Rohingya rights activists have termed Sunday’s ASEAN declaration on the Rohingya crisis, as lacking teeth and spine, reports Anadolu Agency.
They urged the Southeast Asian grouping of leaders to set a timeline for Myanmar to settle the refugee crises.
"Timeline is the most crucial thing in solving Rohingya crisis because Myanmar government is well-known for its deception and not keeping commitments. We wanted ASEAN to be more concrete with timeline," European Rohingya Council Chairman Hla Kyaw told Anadolu Agency on Monday.
The declaration of the 34th ASEAN Summit held on June 20-23 in Thailand said: "We stressed the importance of and expressed our continued support for Myanmar’s commitment to ensure safety and security for all communities in Rakhine State as effectively as possible and facilitate the voluntary return of displaced persons in a safe, secure and dignified manner."
Avoiding the word "Rohingya" ASEAN declaration added: "We looked forward to the full implementation of the MoU between Myanmar Government, the Office of the UNHCR and the UNDP and to the continued and effective dialogue between Myanmar and Bangladesh to facilitate the repatriation process of displaced persons from Rakhine State."
Kyaw, while welcoming the declaration of the ASEAN Summit, said he was not satisfied, as it has stopped short of listing any concrete measures.
Imtiaz Ahmed, a professor at Dhaka University, who has authored a book on the Rohingya, however, said the ASEAN declaration would put extra pressure on Myanmar on the Rohingya repatriation issue.
"After this declaration, now we hope that a new law will be enacted by Myanmar authorities changing the old [controversial 1982 Citizenship Law] so that Rohingya people get confidence about their safety and dignity after repatriation," Ahmed said.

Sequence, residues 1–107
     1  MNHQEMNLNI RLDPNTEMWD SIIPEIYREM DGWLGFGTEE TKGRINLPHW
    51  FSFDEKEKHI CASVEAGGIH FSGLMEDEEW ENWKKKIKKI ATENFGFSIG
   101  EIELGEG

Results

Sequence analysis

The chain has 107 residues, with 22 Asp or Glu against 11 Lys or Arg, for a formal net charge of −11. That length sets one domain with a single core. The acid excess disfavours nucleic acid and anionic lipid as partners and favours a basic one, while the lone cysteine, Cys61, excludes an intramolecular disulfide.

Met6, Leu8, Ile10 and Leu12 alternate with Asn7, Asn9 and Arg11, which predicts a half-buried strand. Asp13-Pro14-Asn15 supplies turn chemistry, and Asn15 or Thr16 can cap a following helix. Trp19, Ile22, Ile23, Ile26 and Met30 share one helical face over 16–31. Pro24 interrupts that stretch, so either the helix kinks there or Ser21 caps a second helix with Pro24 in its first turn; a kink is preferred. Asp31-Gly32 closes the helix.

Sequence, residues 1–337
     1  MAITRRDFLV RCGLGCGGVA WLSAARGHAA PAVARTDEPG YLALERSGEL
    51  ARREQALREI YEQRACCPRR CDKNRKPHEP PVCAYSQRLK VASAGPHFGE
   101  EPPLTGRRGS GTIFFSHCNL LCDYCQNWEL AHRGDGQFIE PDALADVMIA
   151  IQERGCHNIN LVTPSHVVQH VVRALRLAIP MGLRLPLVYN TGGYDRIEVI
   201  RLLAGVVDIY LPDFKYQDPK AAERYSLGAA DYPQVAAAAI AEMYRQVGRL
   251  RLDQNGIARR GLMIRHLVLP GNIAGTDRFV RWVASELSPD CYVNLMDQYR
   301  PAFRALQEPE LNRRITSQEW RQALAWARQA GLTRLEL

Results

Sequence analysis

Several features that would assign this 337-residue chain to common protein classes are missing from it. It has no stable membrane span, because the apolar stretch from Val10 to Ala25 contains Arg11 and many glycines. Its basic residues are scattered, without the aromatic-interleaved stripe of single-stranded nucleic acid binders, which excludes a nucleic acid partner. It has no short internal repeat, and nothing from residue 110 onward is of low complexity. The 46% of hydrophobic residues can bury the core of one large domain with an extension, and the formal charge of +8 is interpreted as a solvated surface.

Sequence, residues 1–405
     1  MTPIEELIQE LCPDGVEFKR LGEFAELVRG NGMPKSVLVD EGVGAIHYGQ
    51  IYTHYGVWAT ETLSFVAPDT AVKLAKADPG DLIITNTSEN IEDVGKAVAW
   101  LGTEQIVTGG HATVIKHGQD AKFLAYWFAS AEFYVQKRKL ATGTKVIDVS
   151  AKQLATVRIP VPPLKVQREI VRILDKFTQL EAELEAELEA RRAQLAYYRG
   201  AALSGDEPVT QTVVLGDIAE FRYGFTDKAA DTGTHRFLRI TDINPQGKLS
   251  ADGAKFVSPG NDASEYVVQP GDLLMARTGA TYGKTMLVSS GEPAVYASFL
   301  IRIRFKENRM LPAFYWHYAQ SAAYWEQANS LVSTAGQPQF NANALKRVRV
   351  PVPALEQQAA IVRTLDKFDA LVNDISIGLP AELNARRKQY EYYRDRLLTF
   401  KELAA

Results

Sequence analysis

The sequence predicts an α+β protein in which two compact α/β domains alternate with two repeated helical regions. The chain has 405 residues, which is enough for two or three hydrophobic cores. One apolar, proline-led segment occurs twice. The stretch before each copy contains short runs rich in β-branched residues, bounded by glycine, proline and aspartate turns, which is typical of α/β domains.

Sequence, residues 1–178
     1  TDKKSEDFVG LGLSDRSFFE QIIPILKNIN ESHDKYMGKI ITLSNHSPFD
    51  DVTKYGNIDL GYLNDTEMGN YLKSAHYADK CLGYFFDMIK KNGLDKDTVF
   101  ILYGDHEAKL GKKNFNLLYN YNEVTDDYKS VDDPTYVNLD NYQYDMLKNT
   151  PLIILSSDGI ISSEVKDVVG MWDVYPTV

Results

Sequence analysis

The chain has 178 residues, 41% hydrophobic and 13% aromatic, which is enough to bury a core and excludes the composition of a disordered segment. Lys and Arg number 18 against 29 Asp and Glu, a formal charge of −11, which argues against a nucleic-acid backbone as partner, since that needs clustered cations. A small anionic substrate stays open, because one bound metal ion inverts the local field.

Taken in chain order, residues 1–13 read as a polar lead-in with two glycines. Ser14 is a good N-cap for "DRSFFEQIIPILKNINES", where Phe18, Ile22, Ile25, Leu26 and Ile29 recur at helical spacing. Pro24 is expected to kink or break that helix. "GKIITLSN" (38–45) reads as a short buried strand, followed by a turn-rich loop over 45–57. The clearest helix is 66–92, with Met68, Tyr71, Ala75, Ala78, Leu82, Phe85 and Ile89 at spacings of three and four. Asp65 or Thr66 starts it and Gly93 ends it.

Encouraging Myanmar to implement the remaining recommendations of the final report of the Advisory Commission on Rakhine State, the ASEAN declaration added: "We also reaffirmed ASEAN’s support for Myanmar’s efforts to bring peace, stability, the rule of law, to promote harmony and reconciliation among the various communities as well as to ensure sustainable and equitable development in Rakhine State."
Ahmed said Myanmar should immediately provide citizenship rights to those Rohingya still living in a restricted environment mainly in Rakhine so that those who had migrated, could be encouraged to return.
He said the ASEAN members, especially Indonesia, Malaysia, Singapore and even Brunei, have expressed support to the peaceful Rohingya repatriation. "Now, Bangladesh’s Prime Minister Sheikh Hasina’s upcoming visit to China where she would discuss Rohingya repatriation and the declaration of ASEAN, will put extra pressure on Myanmar," Ahmed said.
He added that Myanmar mainly depends on China’s veto power. "But China knows very well that if they want [long-term] economic benefit in Myanmar as well as in this region, they have to solve the Rohingya crisis."
According to Amnesty International, more than 750,000 Rohingya refugees, mostly women and children, escaped Myanmar and crossed over into Bangladesh after Myanmar forces launched a crackdown on the minority Muslim community in August 2017.
Since Aug. 25, 2017, nearly 24,000 Rohingya Muslims have been killed by Myanmar’s state forces, according to a report by the Ontario International Development Agency (OIDA).
Some 18,000 Rohingya women and girls were raped by Myanmar’s army and police and over 115,000 Rohingya homes were burned down and 113,000 others vandalized, it added.